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Opeth - Heritage CD (album) cover




Tech/Extreme Prog Metal

3.81 | 1280 ratings

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Prog Reviewer
4 stars I'm one of those who don't like death growls and by implication didn't like Opeth in their beginning, although I have some respect for what they did there. I still don't know all of their catalogue, so I can't say Heritage is my favourite of them (it surely is of those about six I know), but I was motivated to write this review by its somewhat lowish rating compared to other Opeth albums. Obviously my four stars are not going to improve this a lot, however I recommend this album warmly to listeners who come from a different direction than most Opeth listeners, namely neither from Death Metal/earlier Opeth, nor from Neoprog or say Dream Theater or PT, nor from the more symphonic and mainstream prog of the seventies (although I love quite a bit of the latter), but rather from a more experimental, RIO-like angle.

Actually this one came to me later than 2018's "Collaborators Album of the Year" A Drop Of Light by All Traps On Earth, but in fact it achieved something quite similar and in my opinion even better seven years earlier than the (also Swedish) Traps, admittedly without the Zeuhl element, but still dark, complex, and adventurous. "Compensating" for the lack of Zeuhl, we get a good dosis (if somewhat less than on some other albums) of Opeth's well known delicate acoustic guitar work that I admire, and that has always set them apart from their Death Metal roots. Although the album has obvious links to 70s prog, there are some clear characteristic Opeth elements in this. It is certainly not just a nostalgic album based on elements of prog's golden years, but an album that stands confidently on its own feet.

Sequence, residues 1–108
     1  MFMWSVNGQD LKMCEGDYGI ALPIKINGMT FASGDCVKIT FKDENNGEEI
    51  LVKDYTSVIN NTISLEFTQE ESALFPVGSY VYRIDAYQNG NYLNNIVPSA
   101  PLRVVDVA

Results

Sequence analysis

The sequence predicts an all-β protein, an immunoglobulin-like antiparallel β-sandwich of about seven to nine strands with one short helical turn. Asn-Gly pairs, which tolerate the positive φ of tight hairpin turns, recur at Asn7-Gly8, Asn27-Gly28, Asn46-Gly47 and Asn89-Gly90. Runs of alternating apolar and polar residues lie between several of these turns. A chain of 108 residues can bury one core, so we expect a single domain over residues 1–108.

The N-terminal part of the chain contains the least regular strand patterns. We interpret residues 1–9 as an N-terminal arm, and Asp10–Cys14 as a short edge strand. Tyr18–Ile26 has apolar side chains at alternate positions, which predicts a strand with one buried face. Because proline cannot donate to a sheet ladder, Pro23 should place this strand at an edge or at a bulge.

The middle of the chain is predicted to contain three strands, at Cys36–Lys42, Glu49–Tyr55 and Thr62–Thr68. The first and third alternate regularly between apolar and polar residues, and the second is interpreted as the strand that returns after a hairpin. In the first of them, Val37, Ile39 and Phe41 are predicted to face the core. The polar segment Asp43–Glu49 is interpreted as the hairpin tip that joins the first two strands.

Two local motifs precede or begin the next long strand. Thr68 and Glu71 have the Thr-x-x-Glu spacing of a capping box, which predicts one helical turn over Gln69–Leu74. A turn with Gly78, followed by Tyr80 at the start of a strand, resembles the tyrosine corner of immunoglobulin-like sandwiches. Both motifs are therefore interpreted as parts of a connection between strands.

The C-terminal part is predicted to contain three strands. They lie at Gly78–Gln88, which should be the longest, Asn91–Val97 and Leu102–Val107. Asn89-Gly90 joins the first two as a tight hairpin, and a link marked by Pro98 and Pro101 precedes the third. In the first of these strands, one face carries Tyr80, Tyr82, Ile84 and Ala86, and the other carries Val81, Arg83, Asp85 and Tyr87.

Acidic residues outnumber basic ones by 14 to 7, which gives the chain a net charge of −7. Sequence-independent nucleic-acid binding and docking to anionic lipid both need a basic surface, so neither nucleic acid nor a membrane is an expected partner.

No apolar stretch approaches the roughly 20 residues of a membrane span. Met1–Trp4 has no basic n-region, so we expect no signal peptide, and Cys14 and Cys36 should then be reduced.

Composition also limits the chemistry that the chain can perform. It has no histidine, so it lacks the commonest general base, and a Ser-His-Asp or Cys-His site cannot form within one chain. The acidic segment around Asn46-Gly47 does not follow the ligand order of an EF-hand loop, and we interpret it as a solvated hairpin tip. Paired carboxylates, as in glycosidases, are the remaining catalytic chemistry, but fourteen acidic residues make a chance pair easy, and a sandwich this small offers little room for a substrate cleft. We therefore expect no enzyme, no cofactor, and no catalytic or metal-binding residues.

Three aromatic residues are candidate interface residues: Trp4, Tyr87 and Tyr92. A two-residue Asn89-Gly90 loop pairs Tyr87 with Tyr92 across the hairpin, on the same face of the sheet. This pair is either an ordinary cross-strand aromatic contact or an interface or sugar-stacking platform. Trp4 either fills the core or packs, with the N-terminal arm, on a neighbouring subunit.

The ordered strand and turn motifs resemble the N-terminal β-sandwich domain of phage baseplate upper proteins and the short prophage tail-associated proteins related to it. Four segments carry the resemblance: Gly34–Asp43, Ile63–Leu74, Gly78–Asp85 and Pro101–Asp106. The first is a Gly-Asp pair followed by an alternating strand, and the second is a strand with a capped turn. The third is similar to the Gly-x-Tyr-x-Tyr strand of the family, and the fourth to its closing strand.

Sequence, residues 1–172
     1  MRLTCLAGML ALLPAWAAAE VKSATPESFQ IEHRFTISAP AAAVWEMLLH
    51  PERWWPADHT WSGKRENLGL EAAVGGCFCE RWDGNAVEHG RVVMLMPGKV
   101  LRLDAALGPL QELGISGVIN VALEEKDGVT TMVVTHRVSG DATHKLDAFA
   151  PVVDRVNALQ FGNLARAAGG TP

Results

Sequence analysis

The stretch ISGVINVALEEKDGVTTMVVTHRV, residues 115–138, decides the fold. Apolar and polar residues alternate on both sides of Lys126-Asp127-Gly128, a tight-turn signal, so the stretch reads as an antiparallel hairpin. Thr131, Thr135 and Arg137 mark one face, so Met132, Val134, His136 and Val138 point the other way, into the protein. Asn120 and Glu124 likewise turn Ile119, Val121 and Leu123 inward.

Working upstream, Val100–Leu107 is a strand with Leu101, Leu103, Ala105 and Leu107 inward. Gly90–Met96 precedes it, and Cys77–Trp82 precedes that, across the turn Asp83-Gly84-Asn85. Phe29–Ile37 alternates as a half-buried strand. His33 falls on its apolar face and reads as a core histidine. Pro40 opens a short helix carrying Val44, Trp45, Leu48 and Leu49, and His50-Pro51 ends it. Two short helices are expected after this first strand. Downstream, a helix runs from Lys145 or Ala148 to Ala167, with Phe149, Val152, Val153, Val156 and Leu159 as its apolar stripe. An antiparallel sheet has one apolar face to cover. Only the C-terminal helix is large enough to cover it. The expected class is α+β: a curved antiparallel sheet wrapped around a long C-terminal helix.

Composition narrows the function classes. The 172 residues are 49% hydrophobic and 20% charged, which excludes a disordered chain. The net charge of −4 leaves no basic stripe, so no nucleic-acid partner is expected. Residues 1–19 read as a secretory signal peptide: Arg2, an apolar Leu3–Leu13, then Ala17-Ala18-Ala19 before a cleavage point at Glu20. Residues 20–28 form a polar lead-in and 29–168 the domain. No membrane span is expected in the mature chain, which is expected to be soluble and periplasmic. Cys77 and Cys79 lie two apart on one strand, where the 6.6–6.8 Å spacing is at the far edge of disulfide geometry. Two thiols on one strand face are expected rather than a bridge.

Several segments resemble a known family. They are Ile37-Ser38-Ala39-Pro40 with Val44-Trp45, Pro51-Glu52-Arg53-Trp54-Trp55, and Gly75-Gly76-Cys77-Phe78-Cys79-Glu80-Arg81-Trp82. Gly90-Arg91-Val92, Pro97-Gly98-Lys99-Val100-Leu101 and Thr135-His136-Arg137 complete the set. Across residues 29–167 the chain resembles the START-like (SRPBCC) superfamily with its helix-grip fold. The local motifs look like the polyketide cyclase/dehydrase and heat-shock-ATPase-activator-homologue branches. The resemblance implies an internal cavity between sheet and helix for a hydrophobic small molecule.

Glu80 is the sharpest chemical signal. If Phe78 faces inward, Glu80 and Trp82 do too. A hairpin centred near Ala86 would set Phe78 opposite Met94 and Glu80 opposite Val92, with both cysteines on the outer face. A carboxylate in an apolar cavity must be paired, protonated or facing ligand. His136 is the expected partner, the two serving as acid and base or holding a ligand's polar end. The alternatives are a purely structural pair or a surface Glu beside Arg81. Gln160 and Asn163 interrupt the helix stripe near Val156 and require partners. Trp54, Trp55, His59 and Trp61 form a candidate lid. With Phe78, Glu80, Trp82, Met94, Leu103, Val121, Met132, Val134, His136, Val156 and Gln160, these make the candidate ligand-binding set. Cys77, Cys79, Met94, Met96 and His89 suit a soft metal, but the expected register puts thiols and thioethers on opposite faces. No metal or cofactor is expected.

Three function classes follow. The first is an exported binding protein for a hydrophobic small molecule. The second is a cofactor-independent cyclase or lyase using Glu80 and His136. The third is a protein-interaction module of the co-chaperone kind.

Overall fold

A problem with much new prog is the sometimes routine and soulless seeming showing off of instrumental skills and complexity. A problem for me as a reviewer is that I find it hard to pin down what makes the difference between a superficial showing of skills and some musical magic that really grabs me. Anyway, Opeth manage to do that here. I can connect to much of the music emotionally and things seem to be properly in their place despite no lack of virtuosity, harmonic and rhythmic complexities etc. There is tension, relaxation, vulnerability, sudden outbreaks of energy, beautiful melodies, you name it. Apparently the contrast between heavy and delicate acoustic parts is something of an Opeth trademark, and both is still there, but far more elements are mixed in. which makes the whole thing far less predictable and more interesting than what I know of their earlier material.

The album has been called "messy" for a reason, and indeed you find a dazzling and sometimes bewildering variety of different parts. One valid criticism is that rather than the 5-6 minutes average official song length in fact there are far more "microsongs" here, as cohesion within a song has obviously not been their first priority. However according to my taste they give the different parts enough space to breathe and show their beauty, and I don't mind much that traditional song structures and the notion of coming back to the main theme to remind the listener that it's still the same song are sniffed at here. Another tiny criticism is that the singer may not be the most exciting one in the world, but I think he is largely OK for what he does here, so no complaints really.

If you like some traditional prog virtues combined with an experimental approach that gives you something that is still tonal and accessible but at the same time delightfully unpredictable and more on the dark side of things, even if you haven't liked some other stuff by Opeth, check this one out. A special recommendation goes to those who love A Drop Of Light. This Heritage is a rewarding listen and shows Opeth in proper and successful progression. 4.0 stars.

Lewian | 4/5 |


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